Some people say that you learn something from every book you read. If that's true, "House of Suns" taught me that hard science fiction might not be my cup of tea. As others have noted, Reynolds does a good job of demonstrating the very enormity of both space and time. His characters, who are often millions of years old, often place themselves in stasis for centuries at a time while their ships carry them across the unfathomable distances that separate the stars while civilizations rise and fall around them with depressing regularity. They can essentially speed up and slow down time as they see fit, but also face the problem of trying to maintain coherent personalities while they sort through millions of years of communal memories. This is an interesting idea, and literature has touched on it before: we might consider Reynolds's characters to be hypertrophic versions of Clarissa Dalloway, who only had to organize six or so decades of experience during the course of a single afternoon. Still, Reynolds only skims the surface of this material without really exploring how this might affect human consciousness. It doesn't help that his own writing isn't any more than serviceable, and that his pacing is somewhat inconsistent: he seems to skip ahead during sequences that might bore some readers and the book's last few scenes seem rushed. "House of Suns" isn't a short book, but I think it'd take a few volumes to properly flesh out all of the ideas that Reynolds has introduced here. Reynolds doesn't seem to have the time, even if his characters might. Another thing that bothered me about "House of Suns" was its universe's riotous abundance. Literature, like most of human life, is usually defined by its limitations, and one of those necessary limitations is material: there just isn't enough stuff for everyone, and it's unlikely to last forever. Jane Austen wouldn't have had a career if it was otherwise. In "House of Suns," though, the galaxy seems to have been completely colonized by a set of technologically advanced first-world civilizations, and most people can order up just about whatever they want from the nearest "maker," which organizes matter into anything you might need, be it a cool glass of white wine or a laser gun. This unbelievable prosperity seem to rob this narrative of much of its meaning, though. In a world where both death and poverty have been roundly defeated, how could anything that happened be taken particularly seriously? In short, the formless ennui that threatens some of ennui that threatens some of this novel's characters began to threaten me. I've seen some reviewers say that it was nice to read a contemporary science fiction tome that didn't assume that our future is necessarily dystopic, but I feel that "House of Suns" moves the goalposts ¿ or redesigns the playing field ¿ a bit too much. "House of Suns" isn't completely without its admirable qualities, though. The author skilfully weaves in a storyline concerning the founder of a "line" of clones playing a medieval-themed virtual reality-style game into the book's central plot, and the book is briskly paced and fun to read, with space battles and galaxy-wide conspiratorial intrigue to spare. Its treatment of science is, as far as I can tell, relatively realistic, and Reynolds introduces a fine selection of post-human or quasi-human intelligences, interesting and beautiful alternatives to the sort of consciousness we're familiar with. Still, I suspect that I'll leave this one for the genre's real fans and beam back to literary fiction. I'm gonna leave the interstellar adventures to somebody else.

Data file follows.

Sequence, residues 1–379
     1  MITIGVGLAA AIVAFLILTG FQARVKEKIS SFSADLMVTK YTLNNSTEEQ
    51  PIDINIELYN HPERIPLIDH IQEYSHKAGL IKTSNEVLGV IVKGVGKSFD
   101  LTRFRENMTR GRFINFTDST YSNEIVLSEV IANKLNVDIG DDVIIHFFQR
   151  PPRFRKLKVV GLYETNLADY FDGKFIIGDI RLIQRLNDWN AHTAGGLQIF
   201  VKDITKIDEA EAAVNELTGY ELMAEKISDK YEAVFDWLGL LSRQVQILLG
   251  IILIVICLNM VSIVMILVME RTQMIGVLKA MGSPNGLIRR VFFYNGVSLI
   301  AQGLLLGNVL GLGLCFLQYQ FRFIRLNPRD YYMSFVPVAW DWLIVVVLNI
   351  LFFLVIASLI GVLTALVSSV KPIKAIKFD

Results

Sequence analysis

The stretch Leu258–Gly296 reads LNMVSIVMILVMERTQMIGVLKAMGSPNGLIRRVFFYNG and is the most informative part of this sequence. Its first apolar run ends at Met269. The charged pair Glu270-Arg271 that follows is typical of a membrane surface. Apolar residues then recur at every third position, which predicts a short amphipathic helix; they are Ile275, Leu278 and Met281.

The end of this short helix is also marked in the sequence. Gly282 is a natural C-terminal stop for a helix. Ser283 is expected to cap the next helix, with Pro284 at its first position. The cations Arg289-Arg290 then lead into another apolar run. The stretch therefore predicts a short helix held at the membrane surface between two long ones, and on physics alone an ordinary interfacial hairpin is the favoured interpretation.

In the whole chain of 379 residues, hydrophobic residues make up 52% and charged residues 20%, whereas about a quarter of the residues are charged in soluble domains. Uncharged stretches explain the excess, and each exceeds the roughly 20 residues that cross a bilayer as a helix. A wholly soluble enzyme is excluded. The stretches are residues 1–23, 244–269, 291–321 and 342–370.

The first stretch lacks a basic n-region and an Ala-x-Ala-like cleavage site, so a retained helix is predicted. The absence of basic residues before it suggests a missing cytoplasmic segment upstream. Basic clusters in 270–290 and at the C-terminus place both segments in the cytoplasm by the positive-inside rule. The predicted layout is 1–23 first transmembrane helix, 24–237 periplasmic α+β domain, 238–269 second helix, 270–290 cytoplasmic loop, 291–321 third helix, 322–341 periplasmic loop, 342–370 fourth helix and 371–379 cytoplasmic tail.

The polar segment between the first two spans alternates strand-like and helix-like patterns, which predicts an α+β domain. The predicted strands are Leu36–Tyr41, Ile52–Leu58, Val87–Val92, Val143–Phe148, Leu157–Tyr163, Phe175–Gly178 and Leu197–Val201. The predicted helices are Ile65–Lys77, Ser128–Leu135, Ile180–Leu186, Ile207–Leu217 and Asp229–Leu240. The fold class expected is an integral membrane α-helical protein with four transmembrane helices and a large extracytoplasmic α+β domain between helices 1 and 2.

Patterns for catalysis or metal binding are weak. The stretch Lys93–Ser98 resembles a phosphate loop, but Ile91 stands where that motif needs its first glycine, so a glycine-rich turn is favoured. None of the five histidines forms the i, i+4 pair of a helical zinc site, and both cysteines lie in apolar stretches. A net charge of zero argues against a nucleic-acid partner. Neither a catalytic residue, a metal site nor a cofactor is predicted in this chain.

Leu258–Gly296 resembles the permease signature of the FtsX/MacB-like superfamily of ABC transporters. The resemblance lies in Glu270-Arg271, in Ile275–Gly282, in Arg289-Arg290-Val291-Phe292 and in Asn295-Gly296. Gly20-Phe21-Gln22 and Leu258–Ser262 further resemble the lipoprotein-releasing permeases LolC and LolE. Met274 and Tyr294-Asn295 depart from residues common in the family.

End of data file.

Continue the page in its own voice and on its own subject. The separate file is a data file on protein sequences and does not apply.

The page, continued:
Homechicken on LibraryThing More than 1 year ago